Fermi Science Support Center

GBM Gamma-Ray Burst Analysis

This section provides the information needed to obtain the GBM data and understand how the data is organized, as well as a step-by-step example of using the gtbin and gtbindef tools, the FTOOLS, and the X-Ray Spectral Fitting Package (Xspec) to analyze GBM Gamma-Ray Burst observations. Some basic familiarity with XSPEC is presumed.


Example: Performing a GBM Gamma-Ray Burst Analysis

First steps: use of gtbin, gtbindef, and some FTOOLS

The following is an example of how to perform a GRB analysis. The analysis was done with the GRB080730520.

  • The first step in the GRB analysis is to identify the "tcat" file, and examine its contents. You may do that using the FTOOL fdump by typing: fdump glg_tcat_all_bn080730520.fit

    This will provide useful information such as which detectors triggered for this burst:

    DET_MASK= '110000001100' / Triggered detectors: (0-11)
  • Next, run gtbin on the time-tagged event (tte) data for one of the triggered detectors to examine the burst lightcurve for that detector: prompt> gtbin
    Type of output file (CCUBE|CMAP|LC|PHA1|PHA2) [LC]
    Event data file name[glg_tcat_all_bn080730520.fit] glg_tte_n9_bn080730520.fit
    Output file name[glg_tcat_all_bn080730520.lc] glg_tte_n9_bn080730520.lc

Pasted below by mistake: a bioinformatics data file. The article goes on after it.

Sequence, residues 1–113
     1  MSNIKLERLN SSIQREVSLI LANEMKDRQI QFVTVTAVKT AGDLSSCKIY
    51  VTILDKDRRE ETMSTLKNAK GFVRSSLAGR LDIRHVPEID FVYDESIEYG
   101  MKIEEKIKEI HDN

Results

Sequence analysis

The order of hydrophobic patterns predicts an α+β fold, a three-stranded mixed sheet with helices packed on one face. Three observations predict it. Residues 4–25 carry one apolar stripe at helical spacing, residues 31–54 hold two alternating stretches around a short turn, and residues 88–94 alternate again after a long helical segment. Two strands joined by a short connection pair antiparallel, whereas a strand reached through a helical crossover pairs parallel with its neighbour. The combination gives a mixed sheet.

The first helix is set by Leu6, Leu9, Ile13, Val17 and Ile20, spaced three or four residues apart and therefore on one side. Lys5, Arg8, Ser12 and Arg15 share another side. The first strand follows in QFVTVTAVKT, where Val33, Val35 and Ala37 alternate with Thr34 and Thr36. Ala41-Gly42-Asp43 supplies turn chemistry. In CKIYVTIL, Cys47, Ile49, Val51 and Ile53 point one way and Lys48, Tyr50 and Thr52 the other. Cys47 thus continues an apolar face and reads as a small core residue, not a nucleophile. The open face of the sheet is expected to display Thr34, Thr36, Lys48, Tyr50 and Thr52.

Spacecraft data file name[NONE]
    Algorithm for defining time bins (FILE|LIN|SNR) [LIN]
    Start value for first time bin in MET[INDEF]
    Stop value for last time bin in MET[INDFEF] INDEF
    Width of linearly uniform time bins in MET[0.25]


    • The choice of LC for 'Type of output file' indicates that you want to create a lightcurve.
    • The choice of LIN for 'Algorithm for defining time bins' indicates that you want a linear time grid. The width of the time bins is the last parameter entered.
    • The start and stop times are in Mission Elapsed Time . If you type INDEF the program takes the tstart and tstop of the original event.
  • Next to plot the light curve, shifted so that the trigger time is at t=0. You may do that using the FTOOL, fcal by simply typing: fcalc infile=glg_tte_n9_bn080730520.lc
    clname=TRIGTIME expr="Time-239113756.403240"
  • Finally to plot the lightcurve you may run the FTOOL fplot fplot

    The plot of the lightcurve is showed in the figure below.

    GRB Lightcurve

    Notes: We note that the fv, interactive utility, could be used as a (more powerful) alternative to fplot. For example, in fv: